It is no surprise to me that American Idol star Syesha Mercado had her children taken from her under these horrific circumstances, because I went through something similar. Mercado was seeking help and care for her child –– and instead, her one-year-old son and newborn were both taken away. Tragically, this is common within the world of family policing, commonly known as “child welfare”. Many Black parents, myself included, have sought support from hospitals, only to be met with new traumas and more health issues.
While I was pregnant with my son, I had gestational diabetes which caused my son to be born bigger than normal. During my pregnancy, they threatened me with an ACS case if my diabetes wasn’t controlled.
When my son was born, doctors were surprised that he was not “thriving” to their standards.
I was going to his pediatrician every week for weigh-ins, but I struggled to get my son to drink his whole bottle. He was fragile and growing weaker by the day. The doctor reported failure to thrive as one of the reasons for her call to CPS.
Ironically, my son then spent three weeks in the hospital and had to have a tube put in his nose because even the hospital could not get him to take the bottle. However, I was villainized, labeled a child abuser and told that I neglected my son.
I will never look at hospitals the same way again. Hospitals are supposed to care for us; however they have too much power over patients and not enough resources to support families. Hospitals are one of the biggest institutions that feed Black and brown families into other systems, like family policing, that cause us harm. When hospital staff asked questions about my child, it felt more like an investigation than a check up.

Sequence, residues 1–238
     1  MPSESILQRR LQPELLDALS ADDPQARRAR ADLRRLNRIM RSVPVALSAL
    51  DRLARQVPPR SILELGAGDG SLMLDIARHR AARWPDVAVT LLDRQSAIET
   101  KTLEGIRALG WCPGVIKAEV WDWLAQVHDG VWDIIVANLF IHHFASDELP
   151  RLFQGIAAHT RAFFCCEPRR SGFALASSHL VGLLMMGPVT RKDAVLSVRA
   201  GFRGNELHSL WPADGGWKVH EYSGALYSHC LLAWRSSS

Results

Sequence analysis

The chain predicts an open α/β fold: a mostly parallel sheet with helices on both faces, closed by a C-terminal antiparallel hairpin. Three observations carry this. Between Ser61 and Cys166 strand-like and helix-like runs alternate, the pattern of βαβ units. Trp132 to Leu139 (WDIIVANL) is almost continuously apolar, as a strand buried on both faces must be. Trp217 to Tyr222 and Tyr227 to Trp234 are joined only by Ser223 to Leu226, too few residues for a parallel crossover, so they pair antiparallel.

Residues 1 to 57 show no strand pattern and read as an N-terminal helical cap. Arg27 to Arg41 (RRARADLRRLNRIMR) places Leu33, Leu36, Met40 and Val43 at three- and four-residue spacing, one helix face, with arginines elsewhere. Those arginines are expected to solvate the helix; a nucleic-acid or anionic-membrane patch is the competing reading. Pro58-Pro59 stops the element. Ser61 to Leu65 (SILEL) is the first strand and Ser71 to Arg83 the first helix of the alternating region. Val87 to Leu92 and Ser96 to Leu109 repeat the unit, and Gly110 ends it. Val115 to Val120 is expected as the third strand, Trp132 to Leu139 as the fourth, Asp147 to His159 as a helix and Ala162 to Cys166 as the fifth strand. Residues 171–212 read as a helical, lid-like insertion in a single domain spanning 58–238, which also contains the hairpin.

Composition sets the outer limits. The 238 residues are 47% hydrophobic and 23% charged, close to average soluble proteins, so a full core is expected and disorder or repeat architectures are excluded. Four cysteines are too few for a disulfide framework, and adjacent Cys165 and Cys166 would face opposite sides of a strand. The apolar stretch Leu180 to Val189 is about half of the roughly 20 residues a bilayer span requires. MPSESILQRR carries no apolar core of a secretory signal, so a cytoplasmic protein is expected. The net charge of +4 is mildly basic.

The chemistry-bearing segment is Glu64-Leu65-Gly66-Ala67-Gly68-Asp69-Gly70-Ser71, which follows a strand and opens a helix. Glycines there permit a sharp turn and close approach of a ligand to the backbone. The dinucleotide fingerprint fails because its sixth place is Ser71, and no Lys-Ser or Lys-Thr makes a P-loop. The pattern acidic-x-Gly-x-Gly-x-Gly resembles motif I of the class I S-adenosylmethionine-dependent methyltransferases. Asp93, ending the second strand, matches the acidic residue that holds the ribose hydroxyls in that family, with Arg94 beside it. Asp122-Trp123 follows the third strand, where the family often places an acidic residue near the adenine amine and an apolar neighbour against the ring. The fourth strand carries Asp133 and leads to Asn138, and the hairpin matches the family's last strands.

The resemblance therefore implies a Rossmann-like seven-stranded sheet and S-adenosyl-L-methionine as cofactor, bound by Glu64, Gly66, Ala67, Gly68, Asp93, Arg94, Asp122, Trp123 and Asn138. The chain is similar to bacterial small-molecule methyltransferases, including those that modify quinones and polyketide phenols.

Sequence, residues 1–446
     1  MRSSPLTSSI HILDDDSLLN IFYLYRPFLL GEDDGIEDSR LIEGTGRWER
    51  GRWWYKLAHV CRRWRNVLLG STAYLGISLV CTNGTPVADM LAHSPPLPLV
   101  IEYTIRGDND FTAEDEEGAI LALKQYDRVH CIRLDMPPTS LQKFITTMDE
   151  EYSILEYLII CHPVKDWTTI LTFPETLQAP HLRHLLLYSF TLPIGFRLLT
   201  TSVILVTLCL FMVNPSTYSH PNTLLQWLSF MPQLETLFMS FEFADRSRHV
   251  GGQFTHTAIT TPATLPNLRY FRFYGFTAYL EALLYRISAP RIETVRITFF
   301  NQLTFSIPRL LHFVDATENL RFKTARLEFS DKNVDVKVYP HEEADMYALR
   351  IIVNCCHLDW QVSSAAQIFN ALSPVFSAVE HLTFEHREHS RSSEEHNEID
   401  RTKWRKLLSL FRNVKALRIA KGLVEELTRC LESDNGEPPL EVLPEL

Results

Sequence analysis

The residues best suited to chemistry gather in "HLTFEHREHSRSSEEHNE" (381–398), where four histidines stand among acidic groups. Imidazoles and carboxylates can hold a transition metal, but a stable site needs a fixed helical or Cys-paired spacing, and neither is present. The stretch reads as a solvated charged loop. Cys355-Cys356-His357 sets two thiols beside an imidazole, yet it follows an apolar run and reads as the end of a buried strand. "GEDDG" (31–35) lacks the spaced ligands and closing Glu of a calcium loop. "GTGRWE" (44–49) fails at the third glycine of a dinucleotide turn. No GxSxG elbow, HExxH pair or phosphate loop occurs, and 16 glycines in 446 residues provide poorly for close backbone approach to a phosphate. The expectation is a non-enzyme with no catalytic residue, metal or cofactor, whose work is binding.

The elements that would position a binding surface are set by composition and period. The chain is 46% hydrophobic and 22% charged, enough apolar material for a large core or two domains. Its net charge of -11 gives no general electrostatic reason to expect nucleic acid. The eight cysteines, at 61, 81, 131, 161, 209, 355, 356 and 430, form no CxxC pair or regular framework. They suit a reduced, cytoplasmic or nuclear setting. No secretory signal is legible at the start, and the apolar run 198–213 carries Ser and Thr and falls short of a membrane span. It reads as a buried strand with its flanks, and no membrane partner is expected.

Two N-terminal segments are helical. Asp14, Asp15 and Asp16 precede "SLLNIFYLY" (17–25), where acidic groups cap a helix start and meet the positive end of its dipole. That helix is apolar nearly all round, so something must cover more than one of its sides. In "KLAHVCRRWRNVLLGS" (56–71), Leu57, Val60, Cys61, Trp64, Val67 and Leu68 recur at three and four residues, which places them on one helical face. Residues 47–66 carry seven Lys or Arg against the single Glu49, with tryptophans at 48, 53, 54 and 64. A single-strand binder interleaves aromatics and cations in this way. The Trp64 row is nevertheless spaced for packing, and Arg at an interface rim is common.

Black women have the highest mortality rate giving birth in hospitals. We are drug tested without our consent. Our humanity is stripped, our names erased and we are turned into numbers in databases that create statistics that are used to “support” and enforce their policies.
Mandated reporters (required by law to report suspected child maltreatment) hold power that can be easily weaponized against someone they have biases against. It will always be their word over mine. The harm of mandated reporting laws needs to be discussed, analyzed and addressed.
When I wrote my story, I contrasted my experience to that of a white actress named Jenny Mollen. She accidentally dropped her son and he fractured his skull. The hospital believed her that it was an accident. She wrote about her woes in the newspaper, describing how hard it was for her family and thanking hospital staff for taking care of her son.
Syesha Mercado and her partner, Tyron Deener, are both Black. The way they were treated is drastically different from the way Jenny Mollen was treated. This couple was pulled over for a “wellness check” and had their infant taken away by child welfare agents with police in tow. Where is the public outrage about the violence and harm inflicted on Black families by the family policing system? Poor Black and brown families have been targeted by this racist system for generations. It’s a shame that it takes a famous person experiencing it to spark any kind of media attention. It’s embedded in American culture to separate Black families without a thought. Not only are policing systems killing us, but they are boldly taking our kids from us — it happens all the time and it needs to end.
- Sign the petition to bring Syesha Mercado’s son, Amen’Ra, home to his parents.
- Learn more about how to support Syesha Mercado.
Related Rise Stories and Interviews:
- Targeted by Two Systems by Imani Worthy
- The Danger of a Misdiagnosis of Child Abuse
Q&A with Stephanie Clifford, journalist
- ‘I Was Scared for Anyone to Know I Was Pregnant’ – How to Protect Against Removal at Birth
Q&A with Emma Ketteringham, The Bronx Defenders